Parsa

Parsa wildlife Reserve is located in the south-central lowland Terai of Nepal. The 499 km2 of pristine sub-tropical jungle makes Parsa Nepal's largest wildlife reserve. Once this area served as a vacation site for the Rana Rulers of the country. In 1984, it was gazetted as a wildlife reserve to preserve the habitat for wild Asian elephant, and a variety of other fauna. It is contiguous with Royal Chitwan National Park in the west.
Flora & Fauna
The forests are mainly composed of tropical and subtropical species. Sal forests compose about 90 percent of the reserve's vegetation. Along the banks of the rivers, riverine forests are found containing species like Khair and Silk cotton tree. In the north-eastern part of the reserve, at higher altitudes, Sal and Pine forests are occurring. On the southern slope of the Siwalik hills, the forests are dominated by pine. Sabai grass is commercially important species, grows well on the southern face of the Churia hills.
The reserve supports good populations of various endangered species include wild Asian elephant, Royal Bengal tiger, Sloth bear, and Leopard. Blue bull, Sambar, Chital, Hog deer, Barking deer, Langur, Rhesus macaques, striped hyena, Jungle cat, and Palm civet are also found in the reserve. The reserve also provides habitat for more than 500 species of birds.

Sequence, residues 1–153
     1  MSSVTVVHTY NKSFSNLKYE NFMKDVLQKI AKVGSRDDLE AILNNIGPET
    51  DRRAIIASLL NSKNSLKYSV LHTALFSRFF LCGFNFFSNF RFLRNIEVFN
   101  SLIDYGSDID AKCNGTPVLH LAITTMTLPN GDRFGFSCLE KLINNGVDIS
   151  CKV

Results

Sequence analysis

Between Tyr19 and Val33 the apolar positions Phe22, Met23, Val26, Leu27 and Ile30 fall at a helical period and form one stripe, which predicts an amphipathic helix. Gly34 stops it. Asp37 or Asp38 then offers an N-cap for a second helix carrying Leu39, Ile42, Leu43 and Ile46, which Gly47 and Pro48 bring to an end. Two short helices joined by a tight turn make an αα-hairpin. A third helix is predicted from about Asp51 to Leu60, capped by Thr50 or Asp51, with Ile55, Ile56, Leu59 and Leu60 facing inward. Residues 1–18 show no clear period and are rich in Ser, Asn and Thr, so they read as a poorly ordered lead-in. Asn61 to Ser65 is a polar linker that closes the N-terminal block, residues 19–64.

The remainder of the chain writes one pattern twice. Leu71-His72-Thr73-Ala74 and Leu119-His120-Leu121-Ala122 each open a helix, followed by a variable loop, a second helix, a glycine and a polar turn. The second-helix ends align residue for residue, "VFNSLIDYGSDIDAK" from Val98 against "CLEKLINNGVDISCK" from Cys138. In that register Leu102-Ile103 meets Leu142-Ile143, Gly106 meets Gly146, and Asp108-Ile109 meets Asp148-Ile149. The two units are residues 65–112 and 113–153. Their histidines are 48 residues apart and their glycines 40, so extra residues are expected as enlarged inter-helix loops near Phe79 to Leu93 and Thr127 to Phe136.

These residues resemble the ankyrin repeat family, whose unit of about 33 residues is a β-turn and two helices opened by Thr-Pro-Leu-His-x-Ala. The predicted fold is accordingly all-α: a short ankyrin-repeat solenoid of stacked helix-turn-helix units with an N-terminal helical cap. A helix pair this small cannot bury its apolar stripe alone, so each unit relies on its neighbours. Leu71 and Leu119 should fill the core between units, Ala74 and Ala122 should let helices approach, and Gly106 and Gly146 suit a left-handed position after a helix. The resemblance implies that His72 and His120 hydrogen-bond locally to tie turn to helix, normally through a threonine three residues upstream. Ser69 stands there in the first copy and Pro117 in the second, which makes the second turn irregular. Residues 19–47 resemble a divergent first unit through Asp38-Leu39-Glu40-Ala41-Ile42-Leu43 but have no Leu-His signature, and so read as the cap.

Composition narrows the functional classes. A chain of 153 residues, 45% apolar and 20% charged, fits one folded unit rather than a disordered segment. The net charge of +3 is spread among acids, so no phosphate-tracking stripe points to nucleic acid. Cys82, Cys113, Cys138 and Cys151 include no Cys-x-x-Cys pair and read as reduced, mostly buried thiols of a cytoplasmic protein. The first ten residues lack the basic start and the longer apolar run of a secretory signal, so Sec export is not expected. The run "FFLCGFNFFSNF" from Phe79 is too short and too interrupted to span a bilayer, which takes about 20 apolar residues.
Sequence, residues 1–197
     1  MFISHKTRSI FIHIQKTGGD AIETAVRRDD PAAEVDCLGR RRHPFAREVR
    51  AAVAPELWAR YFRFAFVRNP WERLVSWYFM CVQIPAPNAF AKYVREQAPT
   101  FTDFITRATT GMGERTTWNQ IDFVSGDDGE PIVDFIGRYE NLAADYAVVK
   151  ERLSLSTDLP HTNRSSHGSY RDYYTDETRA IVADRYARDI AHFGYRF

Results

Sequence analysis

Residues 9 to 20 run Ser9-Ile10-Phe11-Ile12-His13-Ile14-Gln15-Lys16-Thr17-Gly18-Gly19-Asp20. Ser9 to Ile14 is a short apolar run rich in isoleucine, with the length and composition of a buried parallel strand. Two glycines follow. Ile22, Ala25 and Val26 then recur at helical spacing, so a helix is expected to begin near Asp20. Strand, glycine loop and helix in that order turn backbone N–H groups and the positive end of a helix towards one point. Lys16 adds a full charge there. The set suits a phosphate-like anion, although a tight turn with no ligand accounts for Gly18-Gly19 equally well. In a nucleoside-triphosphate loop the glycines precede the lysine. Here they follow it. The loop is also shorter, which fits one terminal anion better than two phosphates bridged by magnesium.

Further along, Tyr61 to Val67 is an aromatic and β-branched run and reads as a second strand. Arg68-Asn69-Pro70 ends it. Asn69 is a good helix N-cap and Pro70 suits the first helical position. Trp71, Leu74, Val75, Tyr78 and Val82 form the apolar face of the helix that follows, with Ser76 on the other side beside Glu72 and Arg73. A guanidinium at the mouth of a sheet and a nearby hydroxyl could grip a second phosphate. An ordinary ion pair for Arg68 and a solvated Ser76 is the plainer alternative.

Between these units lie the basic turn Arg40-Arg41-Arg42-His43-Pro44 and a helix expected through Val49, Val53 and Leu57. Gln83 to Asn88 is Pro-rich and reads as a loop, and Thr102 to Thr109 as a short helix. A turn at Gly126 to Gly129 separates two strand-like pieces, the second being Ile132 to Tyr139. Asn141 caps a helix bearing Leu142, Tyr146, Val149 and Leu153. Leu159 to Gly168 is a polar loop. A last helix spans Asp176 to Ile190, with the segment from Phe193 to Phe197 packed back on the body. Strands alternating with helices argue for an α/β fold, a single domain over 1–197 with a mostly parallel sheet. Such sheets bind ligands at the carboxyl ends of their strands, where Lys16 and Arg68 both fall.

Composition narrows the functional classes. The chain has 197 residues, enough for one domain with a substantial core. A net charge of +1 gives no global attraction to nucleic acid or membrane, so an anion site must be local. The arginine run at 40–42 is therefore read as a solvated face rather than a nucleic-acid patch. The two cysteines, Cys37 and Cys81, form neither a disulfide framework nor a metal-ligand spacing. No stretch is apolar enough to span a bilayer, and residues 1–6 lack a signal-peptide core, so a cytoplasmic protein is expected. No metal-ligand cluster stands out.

Facilities
There is a small guesthouse with four rooms at the headquarters. There is also a teahouse that can provide tea, snacks, and Nepali food. Hetauda and Birgunj are about an hour's bus. Make sure to bring a first-aid kit containing medicines for intestinal problems.
Climate
Winter (October-December) provide pleasant temperatures with clear skies. Nighttime temperatures can drop to 0°C. During spring (January-March) temperatures rise and water becomes scarce. During summer (April-June) the days become hot and humid with temperatures rising up to 40°C. Monsoon (July-September) brings cooling rains.
This safari trip can be done in 3 nights 4 days or 2 nights 3 days.
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